The $231 million capital raising by Burgundy is to fund the acquisition of the Ekati Diamond Mine in Canada’s Northwest Territories for $US136 million ($203 million), most of which is debt. After that acquisition, Burgundy will become the world’s 10th-biggest diamond producer.
“It’ll be the biggest listed diamond company in the [Western] world, which is quite amazing. There’s no other commodity you can do that in by buying one asset,” says O’Keeffe.
The Ekati mine, which employs 1100 people, was put into production in 1998 by BHP and was hugely profitable delivering high-grade diamonds, before it was sold by then-CEO Marius Kloppers in 2013 after it was deemed non-core to the mining giant’s operations.
After BHP sold Ekati, the mine had multiple different owners. In 2021, it was bought out of bankruptcy protection by Arctic Diamonds, which is now selling to Burgundy.
“When the BHPs and Rios of the world build things, they build it very well,” says O’Keeffe. “You’re buying absolutely magnificent infrastructure that’s in place. My DNA is to find brownfield assets and buy them at a time when the commodity is out of favour.”
O’Keeffe says global diamond production has been declining because of the lack of new mines being developed. Supply has also tightened after sanctions were imposed on Russian diamond imports. Presented with that environment, and the chance to acquire a quality diamond asset cheaply, it was an opportunity too good for him to resist.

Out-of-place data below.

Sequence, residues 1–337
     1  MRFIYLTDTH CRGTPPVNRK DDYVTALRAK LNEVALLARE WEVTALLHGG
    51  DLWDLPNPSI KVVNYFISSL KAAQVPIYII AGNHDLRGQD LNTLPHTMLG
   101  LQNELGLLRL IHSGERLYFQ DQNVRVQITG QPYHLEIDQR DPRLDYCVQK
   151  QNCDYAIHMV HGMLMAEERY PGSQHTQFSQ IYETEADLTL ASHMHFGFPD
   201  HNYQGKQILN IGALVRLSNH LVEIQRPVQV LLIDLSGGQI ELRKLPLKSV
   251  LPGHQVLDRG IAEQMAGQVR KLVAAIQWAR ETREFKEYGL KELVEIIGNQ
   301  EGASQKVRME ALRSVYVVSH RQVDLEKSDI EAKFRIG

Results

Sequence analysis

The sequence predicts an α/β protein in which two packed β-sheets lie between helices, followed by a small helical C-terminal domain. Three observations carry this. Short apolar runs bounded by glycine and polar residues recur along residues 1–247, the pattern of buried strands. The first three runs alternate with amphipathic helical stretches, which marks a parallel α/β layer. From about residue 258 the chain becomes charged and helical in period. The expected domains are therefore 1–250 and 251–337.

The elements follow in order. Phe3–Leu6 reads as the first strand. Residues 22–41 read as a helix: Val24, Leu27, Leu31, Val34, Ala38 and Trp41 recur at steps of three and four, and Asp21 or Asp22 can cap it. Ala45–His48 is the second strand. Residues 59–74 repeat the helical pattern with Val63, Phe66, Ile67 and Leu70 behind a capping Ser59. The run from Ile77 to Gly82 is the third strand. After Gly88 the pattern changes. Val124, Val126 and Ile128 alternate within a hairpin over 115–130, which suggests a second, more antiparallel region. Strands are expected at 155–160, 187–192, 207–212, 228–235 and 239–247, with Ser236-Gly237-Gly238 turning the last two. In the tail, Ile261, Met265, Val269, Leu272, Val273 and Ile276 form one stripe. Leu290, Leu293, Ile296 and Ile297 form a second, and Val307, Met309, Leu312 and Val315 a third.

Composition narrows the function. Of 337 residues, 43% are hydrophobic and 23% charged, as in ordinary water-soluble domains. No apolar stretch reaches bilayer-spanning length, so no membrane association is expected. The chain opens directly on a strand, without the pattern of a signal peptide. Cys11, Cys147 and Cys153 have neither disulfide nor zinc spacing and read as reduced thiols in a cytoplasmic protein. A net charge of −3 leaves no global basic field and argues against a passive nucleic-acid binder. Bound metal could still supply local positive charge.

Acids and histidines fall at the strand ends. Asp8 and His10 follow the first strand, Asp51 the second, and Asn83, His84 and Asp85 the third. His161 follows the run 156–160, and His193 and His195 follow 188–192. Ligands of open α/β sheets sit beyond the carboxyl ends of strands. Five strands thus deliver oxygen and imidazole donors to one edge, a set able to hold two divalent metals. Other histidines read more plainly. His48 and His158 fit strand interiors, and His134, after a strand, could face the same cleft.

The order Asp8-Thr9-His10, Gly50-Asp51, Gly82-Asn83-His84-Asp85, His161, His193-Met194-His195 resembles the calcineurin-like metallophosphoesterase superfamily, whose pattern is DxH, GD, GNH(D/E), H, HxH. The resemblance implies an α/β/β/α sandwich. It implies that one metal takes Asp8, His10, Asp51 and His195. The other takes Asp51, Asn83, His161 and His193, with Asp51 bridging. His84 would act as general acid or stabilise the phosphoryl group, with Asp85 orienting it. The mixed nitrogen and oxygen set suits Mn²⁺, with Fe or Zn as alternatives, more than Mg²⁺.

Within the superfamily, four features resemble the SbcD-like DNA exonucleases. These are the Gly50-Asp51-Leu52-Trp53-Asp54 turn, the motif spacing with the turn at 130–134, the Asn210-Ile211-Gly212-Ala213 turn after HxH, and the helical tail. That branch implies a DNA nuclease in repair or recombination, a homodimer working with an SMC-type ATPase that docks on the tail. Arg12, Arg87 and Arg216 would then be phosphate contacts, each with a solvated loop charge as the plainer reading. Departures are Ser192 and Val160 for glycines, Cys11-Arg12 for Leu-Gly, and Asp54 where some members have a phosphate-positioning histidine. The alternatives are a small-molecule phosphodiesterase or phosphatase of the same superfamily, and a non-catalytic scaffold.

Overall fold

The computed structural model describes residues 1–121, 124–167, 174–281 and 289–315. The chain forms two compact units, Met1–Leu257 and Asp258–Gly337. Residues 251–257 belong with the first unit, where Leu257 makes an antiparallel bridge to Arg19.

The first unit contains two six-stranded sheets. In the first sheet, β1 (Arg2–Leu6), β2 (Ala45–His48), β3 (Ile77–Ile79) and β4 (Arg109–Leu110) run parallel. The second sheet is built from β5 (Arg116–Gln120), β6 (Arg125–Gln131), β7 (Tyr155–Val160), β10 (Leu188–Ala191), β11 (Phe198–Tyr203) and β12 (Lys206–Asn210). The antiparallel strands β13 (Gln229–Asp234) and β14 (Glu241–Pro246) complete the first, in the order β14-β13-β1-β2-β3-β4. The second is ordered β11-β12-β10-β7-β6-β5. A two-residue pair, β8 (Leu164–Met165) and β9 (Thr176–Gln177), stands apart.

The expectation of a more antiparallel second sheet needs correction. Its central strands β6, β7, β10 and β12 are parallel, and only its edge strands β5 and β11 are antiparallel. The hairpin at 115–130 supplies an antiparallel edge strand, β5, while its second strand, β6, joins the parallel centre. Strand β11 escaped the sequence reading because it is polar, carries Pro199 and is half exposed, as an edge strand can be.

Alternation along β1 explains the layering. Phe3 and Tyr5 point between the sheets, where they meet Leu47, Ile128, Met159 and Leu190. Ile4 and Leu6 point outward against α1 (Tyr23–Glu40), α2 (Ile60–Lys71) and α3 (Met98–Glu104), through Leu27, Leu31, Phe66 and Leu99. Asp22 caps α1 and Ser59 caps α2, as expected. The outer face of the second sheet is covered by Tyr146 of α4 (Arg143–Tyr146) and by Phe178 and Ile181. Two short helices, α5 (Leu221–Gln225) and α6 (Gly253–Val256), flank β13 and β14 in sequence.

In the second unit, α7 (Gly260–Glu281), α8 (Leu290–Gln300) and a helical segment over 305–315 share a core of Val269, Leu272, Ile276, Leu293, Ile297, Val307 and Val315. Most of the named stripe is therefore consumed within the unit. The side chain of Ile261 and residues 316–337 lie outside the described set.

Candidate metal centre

“The diamond market has shrunk. Ten years ago, the market for diamonds was about 190 million carats. Five years later, it’s down to 150 million, and now it’s about 120 million, and there’s no big supply coming on,” says O’Keeffe. “You have to spend a lot of money to find diamonds, and they are always in remote places.”
Paul Zimnisky, a US-based industry analyst who runs Diamond Analytics, agrees. He forecasts that diamond supply will be between 115 million and 125 million carats annually for the remainder of this decade. “The new norm is significantly less than what we saw towards the end of last decade.”
Zimnisky too says the reason for this is that no new big diamond mines are being developed. “Diamond deposits are extremely rare, and most of the high-grade deposits that contain a lot of high-quality diamonds have already been exploited. There’s just not many resources left that provide enough of an economic incentive to put them into production. And it takes a long time.
“It can take between 10 and 25 years from the first discovery of the kimberlite, which is the ore where diamonds are found, to production. If the price of diamonds goes up significantly, some of these deposits that may only be mediocre, may become investible at some point in the future.”
However, a weak global economic outlook has depressed demand for luxury goods and experiences, from jewellery to fine dining to luxury holidays, which means diamond prices are unlikely to rise sharply in the short term.
While O’Keeffe talks up the outlook for Ekati, the reality is that it only has a mine life left of six years. O’Keeffe and his team are looking at ways to extend this through technology, exploiting other deposits on the site that haven’t yet been mined, and through acquisitions.